One of the defining characteristics of our country is the dramatic mass shooting. We’ve had so many of them. We’ve had many many more less dramatic mass shootings, many many many more shootings. While mass shootings don’t account for a large percentage of our deaths from gun violence, they certainly account for the national trauma of gun violence.
Every president has had to lead in grief and disbelief as we struggle to cope with shock and trauma. In many ways it is the measure of the character of the person in the office.
President Obama deepened my emotion bringing me to tears and to my knees after so many mass shootings, but especially after Newtown and Mother Emanuel AME Church. When Obama was moved to tears while grieving the children of Newtown lead brought me along with him into the depth of grief. His tears were my tears. We were literally expressing the intensity of our national pain together, a pain that we had not known before with so many children brutally murdered. It was comforting and healing to watch him wipe away his tears. It carved out the space for me to openly weep and convulse with the agony of the unspeakable unimaginable horror of Newtown.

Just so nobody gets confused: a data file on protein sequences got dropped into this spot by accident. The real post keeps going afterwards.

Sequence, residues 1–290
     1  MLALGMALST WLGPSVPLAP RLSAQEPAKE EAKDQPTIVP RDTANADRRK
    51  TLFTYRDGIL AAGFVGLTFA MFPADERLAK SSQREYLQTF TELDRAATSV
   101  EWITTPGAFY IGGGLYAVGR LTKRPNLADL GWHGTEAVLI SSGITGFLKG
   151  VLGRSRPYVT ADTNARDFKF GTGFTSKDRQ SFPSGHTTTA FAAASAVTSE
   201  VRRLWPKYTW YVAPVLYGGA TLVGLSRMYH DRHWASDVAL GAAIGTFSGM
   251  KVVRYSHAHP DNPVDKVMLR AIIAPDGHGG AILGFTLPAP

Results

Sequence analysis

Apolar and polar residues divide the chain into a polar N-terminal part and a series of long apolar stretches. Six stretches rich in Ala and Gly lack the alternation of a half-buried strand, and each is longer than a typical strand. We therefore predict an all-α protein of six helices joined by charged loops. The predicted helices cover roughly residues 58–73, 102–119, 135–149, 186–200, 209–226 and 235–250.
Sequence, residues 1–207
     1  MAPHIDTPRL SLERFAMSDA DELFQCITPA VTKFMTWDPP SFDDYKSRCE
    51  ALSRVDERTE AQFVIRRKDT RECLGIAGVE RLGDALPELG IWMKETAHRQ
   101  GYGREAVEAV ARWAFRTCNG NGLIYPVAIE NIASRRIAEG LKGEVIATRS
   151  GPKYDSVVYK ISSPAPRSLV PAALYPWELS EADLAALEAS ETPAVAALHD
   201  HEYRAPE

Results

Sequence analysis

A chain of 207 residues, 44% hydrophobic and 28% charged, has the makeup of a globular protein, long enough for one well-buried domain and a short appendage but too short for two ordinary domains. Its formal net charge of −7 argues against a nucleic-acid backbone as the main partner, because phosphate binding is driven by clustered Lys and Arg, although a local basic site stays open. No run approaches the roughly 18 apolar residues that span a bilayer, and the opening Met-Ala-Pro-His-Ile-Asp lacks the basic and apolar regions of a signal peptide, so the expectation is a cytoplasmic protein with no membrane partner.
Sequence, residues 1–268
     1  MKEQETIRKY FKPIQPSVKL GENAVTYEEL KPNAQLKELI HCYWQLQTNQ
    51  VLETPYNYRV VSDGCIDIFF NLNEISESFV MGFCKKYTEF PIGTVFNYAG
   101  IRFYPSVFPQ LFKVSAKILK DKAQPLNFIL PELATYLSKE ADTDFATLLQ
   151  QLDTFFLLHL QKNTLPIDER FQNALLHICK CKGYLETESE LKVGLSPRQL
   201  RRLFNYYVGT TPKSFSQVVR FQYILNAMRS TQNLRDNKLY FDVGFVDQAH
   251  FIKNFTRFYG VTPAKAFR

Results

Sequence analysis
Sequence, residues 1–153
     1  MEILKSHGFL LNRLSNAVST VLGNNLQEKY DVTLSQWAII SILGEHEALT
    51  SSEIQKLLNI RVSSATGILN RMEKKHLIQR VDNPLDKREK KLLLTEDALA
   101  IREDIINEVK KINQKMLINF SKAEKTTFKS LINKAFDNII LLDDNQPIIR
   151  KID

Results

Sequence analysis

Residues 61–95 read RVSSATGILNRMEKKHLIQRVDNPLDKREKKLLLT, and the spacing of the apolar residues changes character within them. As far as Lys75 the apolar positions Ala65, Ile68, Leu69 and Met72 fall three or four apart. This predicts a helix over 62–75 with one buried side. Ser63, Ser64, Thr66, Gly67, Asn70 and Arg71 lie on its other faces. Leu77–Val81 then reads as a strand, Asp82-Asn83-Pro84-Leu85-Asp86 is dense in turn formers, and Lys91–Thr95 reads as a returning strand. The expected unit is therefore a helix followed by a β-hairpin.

I will never forget Obama singing “Amazing Grace” during the memorial for the dead of Mother Emanuel AME Church. It brought me to my knees. It moved my soul. As a nation and a person, that shooting hurt us me deeply. Walking into a prayer meeting, praying with the people who would be murdered, to be welcomed as a stranger into their midst, and then shoot every person there. Hearing his tenuous tenor once again made the space, opened my heart, accepted my grief, and mixed it with the entire nation’s grief allowing us to externalize and manage our trauma.
That was leadership in a time of crisis. It made us better people and allowed us to hope for the future.
Trump has shakingly read from his teleprompter that others wrote for him that he seemed to have never seen before finding them before him. He appears as if a deer in a headlight being drug to the limelight to say things he doesn’t believe and makes promises he does not want. His diction would suggest he is in pain saying them.
He does not create the safe space where I can deepen my emotion and express the shock and trauma of two mass shootings in 12 hours. At the moment that the ship of state is swamped by violence with brutality washing over the transom unabated.
His very reluctance to utter the words minimally necessary for the moment divides us. The vulnerable must work to cover and protect themselves from the imminent violence that seems to be around every corner. The violence that he seems to gleefully revel in.
That is deepening the division that is already between us in a time of crisis. It weakens us, worsens us, and coarsens us. We are worse as a people and nation because of it.